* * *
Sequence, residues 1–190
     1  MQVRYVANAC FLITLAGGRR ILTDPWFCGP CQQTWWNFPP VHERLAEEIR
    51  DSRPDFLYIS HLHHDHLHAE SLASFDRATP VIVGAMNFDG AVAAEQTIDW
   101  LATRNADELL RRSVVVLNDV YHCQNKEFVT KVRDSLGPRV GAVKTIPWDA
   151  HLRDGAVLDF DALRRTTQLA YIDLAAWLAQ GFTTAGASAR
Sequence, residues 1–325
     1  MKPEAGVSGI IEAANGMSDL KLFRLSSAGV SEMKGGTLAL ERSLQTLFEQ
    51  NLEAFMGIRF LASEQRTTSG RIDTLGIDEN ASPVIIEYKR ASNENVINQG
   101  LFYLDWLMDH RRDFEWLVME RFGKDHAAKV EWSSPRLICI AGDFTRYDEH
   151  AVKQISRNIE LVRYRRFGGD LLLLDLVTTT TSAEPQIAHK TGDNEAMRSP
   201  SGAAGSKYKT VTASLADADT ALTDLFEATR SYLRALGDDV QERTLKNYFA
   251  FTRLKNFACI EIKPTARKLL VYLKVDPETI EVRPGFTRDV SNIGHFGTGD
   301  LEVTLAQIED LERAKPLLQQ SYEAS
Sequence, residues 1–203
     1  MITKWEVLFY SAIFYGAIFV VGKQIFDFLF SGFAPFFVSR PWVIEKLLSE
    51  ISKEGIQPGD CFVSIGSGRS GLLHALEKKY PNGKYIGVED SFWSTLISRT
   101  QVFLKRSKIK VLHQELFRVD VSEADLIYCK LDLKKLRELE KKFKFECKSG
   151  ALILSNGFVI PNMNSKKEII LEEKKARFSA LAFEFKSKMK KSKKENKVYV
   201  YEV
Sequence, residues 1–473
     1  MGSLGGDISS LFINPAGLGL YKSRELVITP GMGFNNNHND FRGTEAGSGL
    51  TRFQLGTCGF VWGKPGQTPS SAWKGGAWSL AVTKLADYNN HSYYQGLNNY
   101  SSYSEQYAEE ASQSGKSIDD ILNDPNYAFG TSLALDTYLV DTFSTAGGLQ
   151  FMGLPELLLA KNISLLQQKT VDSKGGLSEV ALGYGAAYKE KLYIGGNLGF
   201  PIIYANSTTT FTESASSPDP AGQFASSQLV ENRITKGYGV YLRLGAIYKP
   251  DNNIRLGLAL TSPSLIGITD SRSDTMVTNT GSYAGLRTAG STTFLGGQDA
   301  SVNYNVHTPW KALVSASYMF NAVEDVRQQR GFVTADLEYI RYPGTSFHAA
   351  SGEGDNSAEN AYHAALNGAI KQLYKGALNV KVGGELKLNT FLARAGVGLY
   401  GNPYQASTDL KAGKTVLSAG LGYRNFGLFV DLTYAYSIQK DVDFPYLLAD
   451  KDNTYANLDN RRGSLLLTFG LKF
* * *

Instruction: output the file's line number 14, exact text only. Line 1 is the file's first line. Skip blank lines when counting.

Sequence, residues 1–203